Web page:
It’s still the party that supports a diplomatic solution based on partition, the defense of liberal democracy and a change in the economic and social realities that weigh on so many people
The 23-year Knesset veteran is low on the party’s slate, even though he pushed through legislation that made life easier for everyday Israelis
The party would now win eight seats, according to a poll by Channel 13 News, or 14 seats if it ran on a joint ticket with the left-wing Meretz party
Labor has ceased to be a ruling party – and five other takeaways from Monday's primary
Labor’s diverse Knesset list is to Likud’s all-Ashkenazi male makeup as U.S Democrats are to Republicans, more or less
Gabbay should explain that the right is leading us to annexation of the territories, and therefore to the establishment of a binational state, which means an end to the Zionist dream
Itzik Shmuli elected to first place, followed by Stav Shaffir, Shelly Yacimovich, Amir Peretz and Merav Michaeli
Public opinion polls forecast a grim future for Israel's founding party. This dismal horizon will have party newcomers scrapping for member votes, who appear to remain indifferent
While Merav Michaeli and Stav Shaffir campaign for Labor ahead of Monday's primary, both women already have their sights set on a post-Gabbay future
Contrary to the media propaganda against him, hated American president knows how to formulate new approaches that can change reality
Keeping it alive by artificial means will only humiliate the suffering patient and obscure its former greatness
Historic Israeli party heads for primary election amid serious concern that it won't make it into the next Knesset after the April 9 national ballot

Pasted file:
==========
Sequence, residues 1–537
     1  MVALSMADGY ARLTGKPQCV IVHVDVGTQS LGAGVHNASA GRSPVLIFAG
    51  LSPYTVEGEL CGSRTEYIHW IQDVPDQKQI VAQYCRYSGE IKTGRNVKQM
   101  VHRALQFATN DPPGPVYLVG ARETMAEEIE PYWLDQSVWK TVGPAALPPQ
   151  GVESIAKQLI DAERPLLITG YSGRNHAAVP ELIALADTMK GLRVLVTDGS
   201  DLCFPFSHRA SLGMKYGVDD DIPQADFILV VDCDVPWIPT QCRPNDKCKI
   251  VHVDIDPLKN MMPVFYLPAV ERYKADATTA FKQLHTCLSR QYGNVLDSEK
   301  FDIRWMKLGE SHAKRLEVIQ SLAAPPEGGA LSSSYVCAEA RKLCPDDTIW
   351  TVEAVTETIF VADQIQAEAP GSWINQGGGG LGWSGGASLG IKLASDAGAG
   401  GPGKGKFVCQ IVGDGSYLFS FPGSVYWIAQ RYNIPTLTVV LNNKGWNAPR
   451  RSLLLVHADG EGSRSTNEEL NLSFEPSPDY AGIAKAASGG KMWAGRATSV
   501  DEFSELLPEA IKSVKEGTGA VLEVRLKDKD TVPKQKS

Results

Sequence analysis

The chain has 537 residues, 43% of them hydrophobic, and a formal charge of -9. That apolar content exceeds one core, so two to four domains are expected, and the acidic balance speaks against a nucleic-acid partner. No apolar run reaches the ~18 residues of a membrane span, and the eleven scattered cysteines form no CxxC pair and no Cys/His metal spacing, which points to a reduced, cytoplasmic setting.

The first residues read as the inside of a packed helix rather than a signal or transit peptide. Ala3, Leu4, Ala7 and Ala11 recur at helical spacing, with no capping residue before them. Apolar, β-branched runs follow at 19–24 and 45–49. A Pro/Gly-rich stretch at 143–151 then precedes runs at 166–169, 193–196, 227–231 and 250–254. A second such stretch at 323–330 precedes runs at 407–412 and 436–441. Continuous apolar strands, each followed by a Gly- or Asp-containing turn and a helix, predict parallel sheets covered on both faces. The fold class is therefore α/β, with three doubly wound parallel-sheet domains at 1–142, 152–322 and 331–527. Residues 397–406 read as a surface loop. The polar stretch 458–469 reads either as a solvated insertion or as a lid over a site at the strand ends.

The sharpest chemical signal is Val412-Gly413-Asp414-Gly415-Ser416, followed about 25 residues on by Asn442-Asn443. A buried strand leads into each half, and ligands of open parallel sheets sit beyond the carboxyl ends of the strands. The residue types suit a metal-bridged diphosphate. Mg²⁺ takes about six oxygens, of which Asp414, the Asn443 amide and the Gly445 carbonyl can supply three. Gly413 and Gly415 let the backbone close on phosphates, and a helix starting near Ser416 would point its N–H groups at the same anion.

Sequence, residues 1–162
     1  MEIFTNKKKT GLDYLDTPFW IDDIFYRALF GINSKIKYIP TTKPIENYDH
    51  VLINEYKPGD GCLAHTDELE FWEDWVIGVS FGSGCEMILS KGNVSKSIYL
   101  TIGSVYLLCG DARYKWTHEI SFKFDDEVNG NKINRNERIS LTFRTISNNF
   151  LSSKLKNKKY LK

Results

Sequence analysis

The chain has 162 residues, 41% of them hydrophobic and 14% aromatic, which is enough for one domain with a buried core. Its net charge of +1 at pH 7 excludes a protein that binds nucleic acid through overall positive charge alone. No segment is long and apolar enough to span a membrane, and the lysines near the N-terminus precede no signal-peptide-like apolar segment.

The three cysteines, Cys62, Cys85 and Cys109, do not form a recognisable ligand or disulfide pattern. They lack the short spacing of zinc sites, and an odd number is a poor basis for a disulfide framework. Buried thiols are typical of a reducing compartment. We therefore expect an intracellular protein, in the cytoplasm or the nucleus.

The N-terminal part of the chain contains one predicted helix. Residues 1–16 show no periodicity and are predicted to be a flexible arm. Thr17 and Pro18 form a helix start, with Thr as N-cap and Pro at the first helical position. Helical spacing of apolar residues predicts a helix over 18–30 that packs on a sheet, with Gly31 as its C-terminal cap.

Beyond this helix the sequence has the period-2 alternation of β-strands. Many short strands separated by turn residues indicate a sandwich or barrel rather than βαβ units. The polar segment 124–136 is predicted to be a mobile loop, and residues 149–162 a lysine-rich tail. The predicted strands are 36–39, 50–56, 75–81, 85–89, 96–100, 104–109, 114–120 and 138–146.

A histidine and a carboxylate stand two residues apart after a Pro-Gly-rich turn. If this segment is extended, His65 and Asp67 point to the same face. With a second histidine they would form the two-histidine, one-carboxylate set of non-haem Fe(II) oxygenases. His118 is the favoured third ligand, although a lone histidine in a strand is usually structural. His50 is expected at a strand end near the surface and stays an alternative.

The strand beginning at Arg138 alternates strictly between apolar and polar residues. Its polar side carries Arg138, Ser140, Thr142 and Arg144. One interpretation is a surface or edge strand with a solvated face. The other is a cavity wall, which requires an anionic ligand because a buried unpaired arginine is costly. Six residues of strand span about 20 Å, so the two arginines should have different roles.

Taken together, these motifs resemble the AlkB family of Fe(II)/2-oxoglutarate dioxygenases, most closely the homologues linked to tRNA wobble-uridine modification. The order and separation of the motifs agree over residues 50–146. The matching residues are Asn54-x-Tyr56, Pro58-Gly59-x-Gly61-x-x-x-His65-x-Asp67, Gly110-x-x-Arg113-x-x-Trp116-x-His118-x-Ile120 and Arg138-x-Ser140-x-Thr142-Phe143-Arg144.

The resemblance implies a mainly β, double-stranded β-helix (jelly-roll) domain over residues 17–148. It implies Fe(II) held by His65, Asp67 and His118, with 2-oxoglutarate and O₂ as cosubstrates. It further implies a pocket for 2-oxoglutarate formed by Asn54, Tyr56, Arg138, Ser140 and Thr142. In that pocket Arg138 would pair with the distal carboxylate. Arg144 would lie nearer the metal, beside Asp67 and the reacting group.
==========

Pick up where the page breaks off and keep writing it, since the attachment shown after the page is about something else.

A senior Labor Party official suggested that a joint slate would cause a split in his party, and Meretz members are concerned that it would come at the expense of the party's left-wing positions
There is a simple way to be rid of both the evils of the primaries in both Likud and Labour, and the enervating arbitrariness of parties led by one autocratic leader
Labor's Gabbay refuses to look reality in the eye, and is willing to burn down the house with all its inhabitants
Gantz's Hosen L'Yisrael would get 22 seats, second only to Likud's 30. Labor, meanwhile, nearly evaporates with only five seats – just one above the electoral threshold
With historic low in polls, Avi Gabbay's party aims to lure voters who want Netanyahu ousted using a campaign video that spoils the plots of famous TV shows
No real change will come with the help of Benny Gantz’s troops alone. They desperately need a strong, living, breathing Zionist left
The two parties on the social-democratic left need to unite for their own survival, and the demands they could make of a Gantz government would push us all forward
Haaretz sent a list of questions to all political parties, asking their positions on a range of issues from the right to strike to drafting ultra-Orthodox men into the army
Every election in recent years has been called 'crucial.' Parties pop up and disappear. Generals come and go. And the country still needs a new left
There are very few cases in Israeli politics in which justice is meted out as it is to the Labor and Meretz parties, which have abused their office and are now being punished
Citing 'ideological differences' with Meretz, Avi Gabbay says Labor is the only alternative to Netanyahu ■ Meretz head Zandberg: 'Confident and clear left is only alternative to extreme and racist right'